Trade and sectoral officials from the 21 APEC member economies are gathering in the south-central city of Nha Trang to lay a new foundation for a refashioning of globalisation in the Asia-Pacific.
The goal is to set up policy conditions that will be able to enable more equitable trade and growth across the region.
According to organisers, over the next 10 days, officials, guided by APEC 2017 Chair Vietnam, will develop new actions to create economic opportunities and better position people and businesses to take advantage in a world of increasing automation, competition and market change, which range from shifts in consumption patterns to evolving skills and labour force needs.
The proceedings will culminate with the first meeting of APEC Senior Officials in 2017 on March 2-3, 2017 to decide the next steps for building inclusive economies; regional economic integration and connectivity; small business participation in trade; and food security and sustainable agriculture in the face of climate change. They will consider recommendations from the year’s first APEC Business Advisory Council meeting underway concurrently this week in Bangkok.
“All of us recognise that the benefits of globalisation and trade are not evenly distributed and that more must be done to support those frustrated by this disparity and hungry for realignment,” said APEC Secretariat Executive Director Alan Bollard. “We would like to keep the favourable aspects of greater interconnectivity and ensure that more people are better off because of it.”
For emerging economies such as Vietnam, the reduction of poverty that has moved hundreds of millions of people into the middle class is at stake. For developed economies on both sides of the Pacific, greater opportunities to sell their goods and services to these markets, as well as job-creating investment inflows, hang in the balance.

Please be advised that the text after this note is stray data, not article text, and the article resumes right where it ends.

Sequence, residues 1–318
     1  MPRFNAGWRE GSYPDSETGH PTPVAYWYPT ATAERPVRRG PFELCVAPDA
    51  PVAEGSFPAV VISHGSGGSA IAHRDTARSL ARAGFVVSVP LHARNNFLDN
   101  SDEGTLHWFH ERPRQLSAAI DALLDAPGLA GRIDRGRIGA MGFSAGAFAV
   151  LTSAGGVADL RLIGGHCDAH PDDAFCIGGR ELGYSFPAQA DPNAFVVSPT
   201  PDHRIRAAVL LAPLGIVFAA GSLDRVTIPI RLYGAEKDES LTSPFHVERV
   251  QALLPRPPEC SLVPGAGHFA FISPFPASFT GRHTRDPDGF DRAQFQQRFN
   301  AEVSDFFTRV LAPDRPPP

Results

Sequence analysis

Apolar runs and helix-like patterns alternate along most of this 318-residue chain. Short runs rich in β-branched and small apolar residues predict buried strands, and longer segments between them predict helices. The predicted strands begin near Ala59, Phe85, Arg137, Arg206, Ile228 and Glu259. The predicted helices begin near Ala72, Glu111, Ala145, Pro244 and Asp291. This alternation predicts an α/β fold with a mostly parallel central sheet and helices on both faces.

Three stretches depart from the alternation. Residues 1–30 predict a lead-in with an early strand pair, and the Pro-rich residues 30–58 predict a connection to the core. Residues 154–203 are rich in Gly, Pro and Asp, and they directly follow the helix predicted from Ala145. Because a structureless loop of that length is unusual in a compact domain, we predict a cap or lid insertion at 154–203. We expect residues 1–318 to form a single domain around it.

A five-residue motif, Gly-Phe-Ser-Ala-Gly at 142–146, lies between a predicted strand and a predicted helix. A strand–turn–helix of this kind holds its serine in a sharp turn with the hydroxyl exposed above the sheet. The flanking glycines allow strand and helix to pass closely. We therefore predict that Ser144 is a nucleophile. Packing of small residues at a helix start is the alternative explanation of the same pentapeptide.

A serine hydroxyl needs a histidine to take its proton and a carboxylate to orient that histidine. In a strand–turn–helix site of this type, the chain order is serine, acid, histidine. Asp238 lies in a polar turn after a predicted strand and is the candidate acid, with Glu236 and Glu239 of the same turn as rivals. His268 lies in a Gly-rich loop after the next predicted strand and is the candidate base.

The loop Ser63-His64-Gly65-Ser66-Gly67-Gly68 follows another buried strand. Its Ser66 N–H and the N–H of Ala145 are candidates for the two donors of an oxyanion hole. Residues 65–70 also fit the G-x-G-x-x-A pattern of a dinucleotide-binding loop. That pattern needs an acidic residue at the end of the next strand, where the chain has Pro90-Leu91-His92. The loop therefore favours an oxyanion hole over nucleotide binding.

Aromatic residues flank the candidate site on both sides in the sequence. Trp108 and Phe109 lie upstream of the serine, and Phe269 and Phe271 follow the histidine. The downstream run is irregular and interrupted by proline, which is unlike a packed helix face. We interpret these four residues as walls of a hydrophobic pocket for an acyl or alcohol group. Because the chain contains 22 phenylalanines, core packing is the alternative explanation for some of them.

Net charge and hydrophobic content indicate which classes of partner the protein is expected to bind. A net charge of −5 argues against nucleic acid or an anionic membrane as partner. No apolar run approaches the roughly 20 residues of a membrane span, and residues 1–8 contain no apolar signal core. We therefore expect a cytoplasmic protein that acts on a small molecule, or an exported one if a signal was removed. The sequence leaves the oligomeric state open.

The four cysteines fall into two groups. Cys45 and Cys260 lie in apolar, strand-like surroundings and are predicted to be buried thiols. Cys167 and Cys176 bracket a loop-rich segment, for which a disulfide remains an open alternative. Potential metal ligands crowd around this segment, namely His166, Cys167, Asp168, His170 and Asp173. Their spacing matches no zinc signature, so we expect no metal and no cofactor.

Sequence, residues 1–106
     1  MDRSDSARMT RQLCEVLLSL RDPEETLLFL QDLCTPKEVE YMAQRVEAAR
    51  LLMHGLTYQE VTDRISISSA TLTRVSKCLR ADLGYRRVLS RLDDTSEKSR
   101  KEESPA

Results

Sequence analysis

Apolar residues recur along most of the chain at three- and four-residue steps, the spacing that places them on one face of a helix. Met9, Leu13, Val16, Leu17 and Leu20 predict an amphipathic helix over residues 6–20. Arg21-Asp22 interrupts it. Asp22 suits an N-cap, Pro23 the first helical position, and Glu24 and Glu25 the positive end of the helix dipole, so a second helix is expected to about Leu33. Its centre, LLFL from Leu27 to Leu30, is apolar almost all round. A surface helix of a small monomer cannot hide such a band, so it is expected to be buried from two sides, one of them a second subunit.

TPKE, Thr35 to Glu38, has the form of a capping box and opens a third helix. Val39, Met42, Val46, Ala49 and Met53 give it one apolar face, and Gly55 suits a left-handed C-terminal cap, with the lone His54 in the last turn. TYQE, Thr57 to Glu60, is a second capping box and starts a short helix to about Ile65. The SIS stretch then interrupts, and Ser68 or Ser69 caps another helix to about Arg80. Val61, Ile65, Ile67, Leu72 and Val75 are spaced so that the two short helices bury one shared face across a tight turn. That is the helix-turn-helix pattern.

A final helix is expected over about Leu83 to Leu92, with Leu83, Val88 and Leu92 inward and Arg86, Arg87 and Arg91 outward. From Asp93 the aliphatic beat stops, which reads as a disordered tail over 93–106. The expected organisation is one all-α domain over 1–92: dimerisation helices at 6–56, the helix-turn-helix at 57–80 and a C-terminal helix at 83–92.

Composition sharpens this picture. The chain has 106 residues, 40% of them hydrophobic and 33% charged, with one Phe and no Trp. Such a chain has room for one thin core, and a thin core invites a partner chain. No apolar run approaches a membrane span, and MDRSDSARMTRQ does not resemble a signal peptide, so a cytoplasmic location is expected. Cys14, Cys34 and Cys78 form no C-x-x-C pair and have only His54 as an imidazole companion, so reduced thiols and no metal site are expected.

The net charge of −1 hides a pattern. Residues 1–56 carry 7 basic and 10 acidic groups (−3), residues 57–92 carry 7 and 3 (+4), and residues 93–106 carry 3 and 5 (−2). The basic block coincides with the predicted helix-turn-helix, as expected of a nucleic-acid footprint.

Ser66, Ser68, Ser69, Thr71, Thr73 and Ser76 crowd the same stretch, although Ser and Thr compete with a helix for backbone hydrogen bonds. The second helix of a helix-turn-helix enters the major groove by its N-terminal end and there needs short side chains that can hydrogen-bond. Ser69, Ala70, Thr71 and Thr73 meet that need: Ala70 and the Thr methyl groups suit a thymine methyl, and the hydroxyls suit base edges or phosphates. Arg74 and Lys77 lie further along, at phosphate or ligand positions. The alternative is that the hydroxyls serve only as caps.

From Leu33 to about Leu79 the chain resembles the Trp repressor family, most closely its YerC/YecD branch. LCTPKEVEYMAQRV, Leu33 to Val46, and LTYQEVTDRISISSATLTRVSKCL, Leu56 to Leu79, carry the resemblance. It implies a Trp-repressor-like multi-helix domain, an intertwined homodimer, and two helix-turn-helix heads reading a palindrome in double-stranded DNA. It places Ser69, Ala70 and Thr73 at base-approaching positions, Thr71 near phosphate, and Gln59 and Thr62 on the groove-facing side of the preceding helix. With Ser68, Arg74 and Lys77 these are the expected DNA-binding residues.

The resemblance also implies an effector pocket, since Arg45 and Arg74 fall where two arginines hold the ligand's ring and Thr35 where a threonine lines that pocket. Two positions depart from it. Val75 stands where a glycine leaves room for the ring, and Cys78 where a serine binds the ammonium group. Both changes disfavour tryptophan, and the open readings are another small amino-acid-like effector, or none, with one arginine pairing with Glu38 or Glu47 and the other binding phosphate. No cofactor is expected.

Officials will seek common ground in addressing rising anti-globalisation, protectionism and trade restrictive measures, bilateral and multilateral trade agreements, and other mechanisms for achieving fairer trade and growth.
Boosting labour and social protection, startup growth, job creating services sector development and trade opportunities for farmers is a particular focus. Improving access and use of the internet and digital innovation to help small businesses tap into cross-border production and supply chains is another.
“Progress in facilitating digital trade has made it possible for small firms around the region to better manage their operations and seek out clients - whether you’re talking about a family-owned car tire business in Ha Noi, alpaca product producers in the Peruvian Andes or auto parts suppliers in Michigan and Ohio that employ thousands of local workers,” Bollard noted.
“The door can still be widened for groups who have been left behind by globalization in the past,” he said. “We are actively working to sustain this momentum in APEC, realising that a reversal could risk slamming the door shut for all of us in the region and beyond.”